“For all of the vegans out there. Your species didn’t get here eating just fruits and nuts. Also several systems in your body require cholesterol to build and function properly. And people who have high output occupations and lifestyles can’t maintain weight and muscle on vegan diets. Energy in. Energy out. It’s math. But if you basically sit all day and don’t need to move heavy objects. It’s all good. Because despite your ethics you would strangle that chicken with your bare hands if you were hungry enough. You can thank evolution for that.”

Several people have pulled the usual weird idea that somehow (1) because we have a specific set of teeth found in carnivores, we therefore ought to use them; or, (2) our ancestors survived because they ate meat, therefore, because we’re alive, we should eat meat, too. Or perhaps (3) there’s specific substances within meat that is impossible to get elsewhere or not eating meat means we’ll be unhealthy.

Only the last is false, whereas the previous two are half-truths. Just because we have a set of teeth, ligaments, organs and so on, biology does not dictate what we do with them completely. To say “nature” – whatever that is – dictates that we ought and ought not to use specific body-parts for specific things is no different to arbitrary and idiotic religious assertions that, for example, sex is only for procreation or marriage is only between a man and a woman. We go “against” this view of nature when we wear condoms; or take medication to combat “naturally” occurring diseases (like colds, flus and children); or, even when we wear clothes. I’m not sure where people are reading the instruction manual on the body written by nature, but I’d be interested to have a copy.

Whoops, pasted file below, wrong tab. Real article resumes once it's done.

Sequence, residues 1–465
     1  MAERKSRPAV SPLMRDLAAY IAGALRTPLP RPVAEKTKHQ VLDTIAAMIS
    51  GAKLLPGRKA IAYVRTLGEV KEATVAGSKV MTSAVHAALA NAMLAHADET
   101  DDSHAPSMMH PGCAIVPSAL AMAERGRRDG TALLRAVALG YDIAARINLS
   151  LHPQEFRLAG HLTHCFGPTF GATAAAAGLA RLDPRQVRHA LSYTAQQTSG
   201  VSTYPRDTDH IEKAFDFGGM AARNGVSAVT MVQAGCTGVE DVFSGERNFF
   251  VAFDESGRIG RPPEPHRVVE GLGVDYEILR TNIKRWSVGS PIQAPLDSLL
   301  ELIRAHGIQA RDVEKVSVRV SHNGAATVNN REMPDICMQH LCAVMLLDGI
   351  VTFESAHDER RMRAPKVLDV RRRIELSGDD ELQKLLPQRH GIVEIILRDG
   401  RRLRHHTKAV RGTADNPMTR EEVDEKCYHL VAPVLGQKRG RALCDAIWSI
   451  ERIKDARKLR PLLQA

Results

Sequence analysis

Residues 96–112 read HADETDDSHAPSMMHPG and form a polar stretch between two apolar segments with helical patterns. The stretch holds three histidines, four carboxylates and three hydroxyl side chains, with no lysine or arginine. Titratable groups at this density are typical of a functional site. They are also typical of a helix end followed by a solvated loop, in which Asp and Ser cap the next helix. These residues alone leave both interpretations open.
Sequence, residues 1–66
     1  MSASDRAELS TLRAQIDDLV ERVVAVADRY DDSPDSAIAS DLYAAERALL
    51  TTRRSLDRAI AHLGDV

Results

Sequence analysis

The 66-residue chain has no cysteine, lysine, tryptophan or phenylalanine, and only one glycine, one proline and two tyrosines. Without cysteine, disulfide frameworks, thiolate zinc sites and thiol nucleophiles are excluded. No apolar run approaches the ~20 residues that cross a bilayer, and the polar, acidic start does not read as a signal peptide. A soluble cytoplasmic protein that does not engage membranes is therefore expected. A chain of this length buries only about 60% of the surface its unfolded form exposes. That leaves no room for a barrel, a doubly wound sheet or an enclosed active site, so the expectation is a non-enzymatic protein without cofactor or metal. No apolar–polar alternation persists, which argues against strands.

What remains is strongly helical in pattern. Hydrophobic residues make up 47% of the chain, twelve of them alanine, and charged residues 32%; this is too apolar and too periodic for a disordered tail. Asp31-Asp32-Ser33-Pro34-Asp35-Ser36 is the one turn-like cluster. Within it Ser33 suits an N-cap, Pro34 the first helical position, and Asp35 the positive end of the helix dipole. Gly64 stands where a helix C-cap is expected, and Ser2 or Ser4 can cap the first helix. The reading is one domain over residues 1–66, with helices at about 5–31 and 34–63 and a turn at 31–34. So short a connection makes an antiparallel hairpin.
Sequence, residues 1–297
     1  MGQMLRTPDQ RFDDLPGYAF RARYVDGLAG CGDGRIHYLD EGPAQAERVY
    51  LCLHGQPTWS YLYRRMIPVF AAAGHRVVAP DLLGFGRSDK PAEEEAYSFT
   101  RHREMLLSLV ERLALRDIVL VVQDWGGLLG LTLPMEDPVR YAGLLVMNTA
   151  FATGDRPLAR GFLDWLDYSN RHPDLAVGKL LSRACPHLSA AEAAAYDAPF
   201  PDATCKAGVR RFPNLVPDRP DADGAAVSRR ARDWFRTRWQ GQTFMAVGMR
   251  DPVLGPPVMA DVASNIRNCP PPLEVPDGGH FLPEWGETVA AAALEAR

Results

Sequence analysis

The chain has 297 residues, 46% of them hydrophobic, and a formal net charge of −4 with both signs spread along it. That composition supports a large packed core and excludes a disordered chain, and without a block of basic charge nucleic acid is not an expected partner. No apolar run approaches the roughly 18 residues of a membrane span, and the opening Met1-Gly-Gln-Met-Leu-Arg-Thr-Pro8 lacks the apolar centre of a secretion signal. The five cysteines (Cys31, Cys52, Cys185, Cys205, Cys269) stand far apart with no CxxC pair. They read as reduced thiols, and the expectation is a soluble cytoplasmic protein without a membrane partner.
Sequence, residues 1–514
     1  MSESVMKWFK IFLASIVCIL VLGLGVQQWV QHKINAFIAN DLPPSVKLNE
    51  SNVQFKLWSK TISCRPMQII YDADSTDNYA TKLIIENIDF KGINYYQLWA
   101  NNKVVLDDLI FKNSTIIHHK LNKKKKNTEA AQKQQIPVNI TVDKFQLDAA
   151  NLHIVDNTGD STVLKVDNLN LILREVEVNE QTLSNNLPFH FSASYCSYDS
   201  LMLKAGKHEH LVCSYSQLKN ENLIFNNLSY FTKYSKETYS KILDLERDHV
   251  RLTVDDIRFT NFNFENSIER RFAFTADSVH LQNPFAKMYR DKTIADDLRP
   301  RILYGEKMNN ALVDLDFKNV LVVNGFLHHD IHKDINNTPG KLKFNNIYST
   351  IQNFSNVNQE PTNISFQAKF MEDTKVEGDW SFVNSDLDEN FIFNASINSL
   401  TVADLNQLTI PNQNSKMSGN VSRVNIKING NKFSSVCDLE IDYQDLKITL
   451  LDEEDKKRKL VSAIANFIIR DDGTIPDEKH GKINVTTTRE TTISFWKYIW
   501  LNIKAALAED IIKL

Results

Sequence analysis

There’s no “meant” to. We are limited, I’d say, but not dictated to by what our biology reflects (using a minimal definition of biology to mean something like genetics, organs, bone, etc.).

We can’t “naturally” fly or “naturally” go faster than a cheetah; but we’ve created ways to do so, just as we’re unnaturally living longer through hygiene and medicine. Does anyone think we ought not to fly, because our feet are “meant to” be on the ground? Does anyone reasonably think we shouldn’t fight diseases because we’d be going against the “natural” course of things?

Anyone who thinks we’re supposed to eat meat because we have teeth that chew meat so well is, essentially, saying we should punch people in the face, because knuckles do that so well, too. If noses are only for smelling, I can’t be wearing these spectacles.

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I think few can really take one second’s reflection on the idea of being dictated to by “nature”, see their own clothes, medication and online porn, and remain convinced by the validity of this idea. Nature is no more a dictator on our actions than our astrological signs.

I’ll be writing more on the amorality (notimmorality) of “nature” and “the Universe” soon.

Image Credit: Ulrich Willmünder/Shutterstock